Section C

Meanwhile, a scanner that could read these codes was also in simultaneous development. Finally in 1952, the Bull’s-Eye code and linear version were patented, along with the mechanical and electrical scanner systems to read them. IBM suggested that they buy out the patent, but did not agree to match their price as they didn’t think the product was marketable enough at that point. However, Philco did match their price, eventually selling the patent to RCA. This event marked the beginning of a new era in automatic identification and electronics as a whole.

Section D

It was not until 1967, when RCA started promoting the Bullseye to the grocery industry, that it was even used. One Kroger Grocery store agreed to be the first to try the Bullseye, as RCA tried to draw attention the amount of potential savings made possible by automating the checkout counter. However, even though the Bullseye didn’t need as much scanner orientation, the code used large quantities of space, and the round design restricted amounts of encoded data. The Bullseye never caught on, as it seems technology at that particular moment in time could not do variable printing, and scanners were still being improved through development.

Section E

At the same time that developers were learning more to increase capabilities of scanning equipment and computer technology, technological progress in auto-identification became focused on the railroad system supporting the retail and manufacturing industries. These freight cars usually go from one end of the country to the other, and are sometimes also borrowed from one rail line by another. Therefore, tracking the freight trains as they move about is extremely challenging.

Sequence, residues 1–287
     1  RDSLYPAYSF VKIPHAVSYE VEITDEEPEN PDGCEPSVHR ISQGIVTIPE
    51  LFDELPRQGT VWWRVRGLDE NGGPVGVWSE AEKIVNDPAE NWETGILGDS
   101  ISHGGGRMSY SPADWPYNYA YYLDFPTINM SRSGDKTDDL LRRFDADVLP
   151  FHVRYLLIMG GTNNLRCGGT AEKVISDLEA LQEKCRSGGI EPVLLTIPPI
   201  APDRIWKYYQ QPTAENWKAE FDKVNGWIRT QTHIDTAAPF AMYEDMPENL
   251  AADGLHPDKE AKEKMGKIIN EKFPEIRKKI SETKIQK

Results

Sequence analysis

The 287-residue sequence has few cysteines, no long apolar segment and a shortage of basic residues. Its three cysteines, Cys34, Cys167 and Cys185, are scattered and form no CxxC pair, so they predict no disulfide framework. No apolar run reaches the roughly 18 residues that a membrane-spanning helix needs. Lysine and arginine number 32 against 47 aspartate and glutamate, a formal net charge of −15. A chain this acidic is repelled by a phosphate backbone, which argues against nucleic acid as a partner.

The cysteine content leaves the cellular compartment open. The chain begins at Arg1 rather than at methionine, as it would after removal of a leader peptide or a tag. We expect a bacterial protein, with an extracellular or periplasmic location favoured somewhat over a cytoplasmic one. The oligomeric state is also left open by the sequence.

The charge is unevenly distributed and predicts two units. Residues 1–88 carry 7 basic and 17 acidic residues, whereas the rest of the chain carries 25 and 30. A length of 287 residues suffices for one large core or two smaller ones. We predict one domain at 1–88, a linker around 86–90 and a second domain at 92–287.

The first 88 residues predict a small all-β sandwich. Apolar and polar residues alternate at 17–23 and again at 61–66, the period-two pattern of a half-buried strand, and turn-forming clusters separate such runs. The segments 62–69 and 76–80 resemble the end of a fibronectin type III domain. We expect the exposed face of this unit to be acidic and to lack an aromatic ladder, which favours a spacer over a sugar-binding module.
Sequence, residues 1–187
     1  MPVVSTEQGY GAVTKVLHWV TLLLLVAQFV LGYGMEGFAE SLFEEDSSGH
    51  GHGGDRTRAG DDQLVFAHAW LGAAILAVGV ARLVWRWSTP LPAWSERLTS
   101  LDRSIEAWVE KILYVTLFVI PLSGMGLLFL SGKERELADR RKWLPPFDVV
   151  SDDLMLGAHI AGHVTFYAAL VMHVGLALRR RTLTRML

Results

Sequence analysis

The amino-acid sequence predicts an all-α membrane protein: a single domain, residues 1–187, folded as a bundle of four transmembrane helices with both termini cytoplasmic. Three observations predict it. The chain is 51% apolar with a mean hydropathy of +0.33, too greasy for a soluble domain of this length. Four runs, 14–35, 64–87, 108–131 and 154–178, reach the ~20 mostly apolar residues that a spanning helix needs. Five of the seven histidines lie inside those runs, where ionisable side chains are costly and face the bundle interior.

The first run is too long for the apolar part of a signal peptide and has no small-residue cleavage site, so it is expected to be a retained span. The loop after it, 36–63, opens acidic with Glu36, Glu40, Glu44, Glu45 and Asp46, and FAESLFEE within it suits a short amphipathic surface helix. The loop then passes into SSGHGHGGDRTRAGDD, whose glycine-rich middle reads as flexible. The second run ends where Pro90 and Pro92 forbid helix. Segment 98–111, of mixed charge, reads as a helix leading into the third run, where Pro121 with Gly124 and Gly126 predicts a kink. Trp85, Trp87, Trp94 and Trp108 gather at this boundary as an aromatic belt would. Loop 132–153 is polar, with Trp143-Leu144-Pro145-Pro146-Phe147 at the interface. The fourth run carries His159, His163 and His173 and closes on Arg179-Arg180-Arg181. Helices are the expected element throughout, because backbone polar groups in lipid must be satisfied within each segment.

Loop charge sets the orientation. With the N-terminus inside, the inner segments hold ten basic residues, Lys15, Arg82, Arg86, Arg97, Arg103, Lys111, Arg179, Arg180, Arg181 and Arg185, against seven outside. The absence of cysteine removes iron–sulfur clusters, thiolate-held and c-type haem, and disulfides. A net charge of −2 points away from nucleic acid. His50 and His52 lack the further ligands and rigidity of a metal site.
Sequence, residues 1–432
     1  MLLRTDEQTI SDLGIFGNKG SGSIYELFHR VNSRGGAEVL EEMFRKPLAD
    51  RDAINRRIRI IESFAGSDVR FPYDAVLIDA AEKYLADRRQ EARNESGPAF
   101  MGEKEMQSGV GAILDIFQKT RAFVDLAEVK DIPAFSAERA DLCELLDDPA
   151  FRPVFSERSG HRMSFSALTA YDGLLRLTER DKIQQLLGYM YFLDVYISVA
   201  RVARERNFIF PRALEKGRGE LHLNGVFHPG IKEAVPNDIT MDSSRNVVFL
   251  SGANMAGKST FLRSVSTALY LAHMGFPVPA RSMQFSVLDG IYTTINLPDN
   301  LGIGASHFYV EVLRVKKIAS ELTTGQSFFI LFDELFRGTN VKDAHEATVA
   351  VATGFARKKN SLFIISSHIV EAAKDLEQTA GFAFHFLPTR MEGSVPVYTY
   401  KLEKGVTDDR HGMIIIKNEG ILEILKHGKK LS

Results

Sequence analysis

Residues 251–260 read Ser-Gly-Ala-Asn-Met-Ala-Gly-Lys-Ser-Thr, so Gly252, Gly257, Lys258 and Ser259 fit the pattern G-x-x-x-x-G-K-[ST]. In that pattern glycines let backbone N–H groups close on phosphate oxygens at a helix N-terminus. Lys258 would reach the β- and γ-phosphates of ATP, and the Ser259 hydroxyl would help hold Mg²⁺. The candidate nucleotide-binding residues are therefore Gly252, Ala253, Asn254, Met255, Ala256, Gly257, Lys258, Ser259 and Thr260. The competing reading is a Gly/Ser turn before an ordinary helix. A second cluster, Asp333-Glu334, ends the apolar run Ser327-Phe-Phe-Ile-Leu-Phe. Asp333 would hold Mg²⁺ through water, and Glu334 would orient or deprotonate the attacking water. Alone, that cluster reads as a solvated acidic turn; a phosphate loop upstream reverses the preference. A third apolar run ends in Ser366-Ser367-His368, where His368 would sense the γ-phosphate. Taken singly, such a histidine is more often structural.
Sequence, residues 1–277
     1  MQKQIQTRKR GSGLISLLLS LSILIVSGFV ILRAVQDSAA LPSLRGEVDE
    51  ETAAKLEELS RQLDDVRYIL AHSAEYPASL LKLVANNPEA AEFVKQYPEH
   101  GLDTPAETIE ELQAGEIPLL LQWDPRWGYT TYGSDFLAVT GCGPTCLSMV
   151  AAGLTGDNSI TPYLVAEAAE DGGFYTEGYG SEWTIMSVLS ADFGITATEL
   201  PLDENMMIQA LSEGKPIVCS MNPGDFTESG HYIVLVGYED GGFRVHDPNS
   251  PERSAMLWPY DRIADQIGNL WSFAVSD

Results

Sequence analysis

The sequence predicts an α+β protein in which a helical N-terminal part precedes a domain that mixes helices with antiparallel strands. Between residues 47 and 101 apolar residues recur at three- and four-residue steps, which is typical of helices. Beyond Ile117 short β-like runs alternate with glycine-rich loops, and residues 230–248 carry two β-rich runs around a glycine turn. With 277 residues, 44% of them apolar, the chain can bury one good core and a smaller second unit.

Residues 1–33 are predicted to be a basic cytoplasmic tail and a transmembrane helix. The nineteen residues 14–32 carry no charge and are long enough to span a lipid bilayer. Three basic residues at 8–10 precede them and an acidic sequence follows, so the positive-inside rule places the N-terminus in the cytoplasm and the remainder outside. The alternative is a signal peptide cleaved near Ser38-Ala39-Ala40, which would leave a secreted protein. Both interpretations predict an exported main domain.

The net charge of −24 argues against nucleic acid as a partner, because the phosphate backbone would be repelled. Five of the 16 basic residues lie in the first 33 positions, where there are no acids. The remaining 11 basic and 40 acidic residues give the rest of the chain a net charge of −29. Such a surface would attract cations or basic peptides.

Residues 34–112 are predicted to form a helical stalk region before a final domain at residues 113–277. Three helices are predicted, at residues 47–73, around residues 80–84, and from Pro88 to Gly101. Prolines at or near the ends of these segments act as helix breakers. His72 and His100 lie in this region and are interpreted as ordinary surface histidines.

Section F

Initially, barcodes were applied as part of the American railroad system in the late 1960’s. It was at this time when the Association of American Railroads (AAR) put system called KarTrak in place, which was designed by a railroad employee and MIT graduate named David Collins. The idea was to use blue and red reflective stripes painted on steel plates that were textured with in different combinations along railroad cars’ sides. With 13 horizontal labels on every plate, they very much resembled barcodes. They had “start” labels, “stop” labels and check numbers. The particular placement of these stripes had a 4-digit railroad company identifier encoded, as well as a 6-digit car number. When railcars passed the rail yard scanners, they would be able to identify them by scanning that information.

Section G

Yet around 10 years later, the very same program fell into disuse after an economic downturn, as well as the system being called unreliable and error prone due contamination with dirt. When the 1980’s arrived, radio tags had become the dominant way of tracking railroad cars. Collins still saw different potential uses for barcodes, especially in industrial settings. He went on to found a company that he named Computer Identics Corporation. General Motors became one of the first plants to monitor production and distribution of car parts by using these barcodes, while another early system was used in a distribution facility.